The cost of the book will pay for itself in repair savings and educate you about tools, parts, and even some safety information. A little knowledge will save you money and frustration.

u/pigcupid · 3 pointsr/bikewrench

Yeah, that is some serious RTFM kinda stuff. In addition to your other suggestions, OP should get the Zinn book, if they really want to dive into bicycle repair.

u/x7BZCsP9qFvqiw · 3 pointsr/OkCupid

Do you still have the original chain? This guide might help.

It's a little different for each cable, so I always end up YouTube searching. Park Tool also has a ton of repair resource videos (which is what I linked above). This book is supposedly a really good resource, too, but I haven't bought it yet.

u/lukebox · 3 pointsr/bicycleculture

If you haven't noticed yet, you'll see this reference mentioned everywhere. Because it really is that good. It's exactly how I got started with my first build, and I know at least two others that started the same way. You need to know nothing more, and nothing less than what this man has written. I found that even the parts I didn't understand at first, later made sense after building a bicycle. It's wonderful. Next, check and see if there are any community bike shop cooperatives near you. They're bicycle goldmines, and nearly anyone involved will be happy to give you a hand. Most of them are ran by volunteers. If they didn't want to help you, they wouldn't be there. If you have access to a cooperative shop, and read through some Sheldon Brown, building your first bike is going to be awesome.

If you prefer paper references, I would also suggest this. Another very well written, knowledgeable guide for first time builders/tinkerers.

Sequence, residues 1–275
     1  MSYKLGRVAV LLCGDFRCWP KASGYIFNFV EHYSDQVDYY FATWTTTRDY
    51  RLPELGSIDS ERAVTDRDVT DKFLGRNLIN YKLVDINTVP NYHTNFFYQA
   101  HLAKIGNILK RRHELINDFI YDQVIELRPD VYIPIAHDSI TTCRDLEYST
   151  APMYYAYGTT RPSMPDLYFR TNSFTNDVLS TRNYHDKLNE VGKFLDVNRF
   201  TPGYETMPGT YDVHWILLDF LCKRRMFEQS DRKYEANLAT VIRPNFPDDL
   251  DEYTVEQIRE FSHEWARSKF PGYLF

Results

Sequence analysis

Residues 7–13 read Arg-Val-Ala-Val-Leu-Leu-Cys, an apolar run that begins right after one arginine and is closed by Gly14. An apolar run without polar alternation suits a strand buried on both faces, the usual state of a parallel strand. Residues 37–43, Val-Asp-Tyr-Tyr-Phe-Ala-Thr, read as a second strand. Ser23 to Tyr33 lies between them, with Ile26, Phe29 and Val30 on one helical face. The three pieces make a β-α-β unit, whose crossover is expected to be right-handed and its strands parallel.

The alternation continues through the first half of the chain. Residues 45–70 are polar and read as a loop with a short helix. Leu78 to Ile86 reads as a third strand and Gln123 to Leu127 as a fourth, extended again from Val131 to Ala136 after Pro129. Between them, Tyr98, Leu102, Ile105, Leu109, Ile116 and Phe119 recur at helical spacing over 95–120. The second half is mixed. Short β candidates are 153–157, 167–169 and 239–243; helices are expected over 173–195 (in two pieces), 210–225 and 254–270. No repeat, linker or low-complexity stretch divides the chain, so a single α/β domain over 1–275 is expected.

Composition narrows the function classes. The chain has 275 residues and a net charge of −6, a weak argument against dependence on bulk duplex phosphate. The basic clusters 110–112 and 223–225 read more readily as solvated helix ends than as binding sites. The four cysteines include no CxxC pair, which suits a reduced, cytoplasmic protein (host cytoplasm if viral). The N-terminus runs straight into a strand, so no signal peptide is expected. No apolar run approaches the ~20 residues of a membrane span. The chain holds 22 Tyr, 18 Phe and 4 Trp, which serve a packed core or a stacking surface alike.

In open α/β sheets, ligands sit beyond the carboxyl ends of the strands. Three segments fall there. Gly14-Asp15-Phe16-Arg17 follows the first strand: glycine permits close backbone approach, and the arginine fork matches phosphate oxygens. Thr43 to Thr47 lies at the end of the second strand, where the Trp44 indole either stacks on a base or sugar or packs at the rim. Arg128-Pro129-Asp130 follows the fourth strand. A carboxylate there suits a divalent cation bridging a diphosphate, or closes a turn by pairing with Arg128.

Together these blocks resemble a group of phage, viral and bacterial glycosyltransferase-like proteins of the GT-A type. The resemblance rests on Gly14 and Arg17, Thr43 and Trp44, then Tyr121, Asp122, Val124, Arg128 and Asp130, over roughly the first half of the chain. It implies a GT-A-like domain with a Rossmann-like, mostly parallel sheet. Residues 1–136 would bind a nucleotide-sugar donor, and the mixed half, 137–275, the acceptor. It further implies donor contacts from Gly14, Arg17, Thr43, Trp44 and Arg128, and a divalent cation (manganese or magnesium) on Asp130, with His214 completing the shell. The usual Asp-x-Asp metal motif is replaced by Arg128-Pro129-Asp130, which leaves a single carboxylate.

u/Fulker01 · 3 pointsr/bicycling

Zinn & the Art of Road Bike Maintenance: The World's Best-Selling Bicycle Repair and Maintenance Guide https://www.amazon.com/dp/193771537X/ref=cm_sw_r_cp_apa_i_57YjDbVJ58GA7

u/CattitudeLatitude · 2 pointsr/bicycling

>pretty puzzling that your mechanic hasn’t dialed it in.

The mechanic I'm usually talking to is a right sweetheart, but he's not been in the job for long. I've seen them checking YouTube-videos for guidance on how to fix everyday tasks on common parts, like the Shimano Tiagra handle assembly. When I think about that, I'm not too surprised over the situation, to be honest.

I never cross chain. I always have the chain on the big ring and small gear, or vice versa. Despite this, the chain rubs. I've bought this book, and will try to see if I can't fix it myself before I turn it in.

u/HaveBikeWillRide · 2 pointsr/cycling

If you're looking for a book, Zinn is hard to beat. Basically the Bible of bike maintenance.

u/joeharri84 · 2 pointsr/bicycling

I rebuilt a couple Schwinn varsity's, my old Schwinn caliente (rip), and my current Fuji S10-S and just used Zinn's road bike manual.

u/WhoFartleked · 2 pointsr/triathlon

The industry has really moved toward this as a way away from custom bikes. Once they had a lot of fit data statistics, some of the bigger companies actually adjusted their sizing philosophies, too. There's more to it than height and inseam. CompetitiveCyclist.com has a fit calculator that will have you do the measurements of each joint, etc. That's close but it's not a substitute for a pro fit.

I just (last week) bought a new bike by mail order. Know that if you do this you will have to have some (but honestly not a lot) mechanical ability to put it together and get it running and adjusted.

Check out http://www.amazon.com/Zinn-Art-Road-Bike-Maintenance/dp/193771537X/ref=dp_ob_title_bk There's probably a copy at your local public library.

u/freestylekyle314 · 1 pointr/cycling

I custom build my touring bike with this book. And of course Shelton Brown.

Zinn & the Art of Road Bike Maintenance: The World's Best-Selling Bicycle Repair and Maintenance Guide https://www.amazon.com/dp/193771537X/ref=cm_sw_r_cp_apa_i_Tsl8AbQ1CPQ4M

u/ap1kenobi · 1 pointr/phillycycling

I started with this book (mine is the older version): Zinn & the Art of Road Bike Maintenance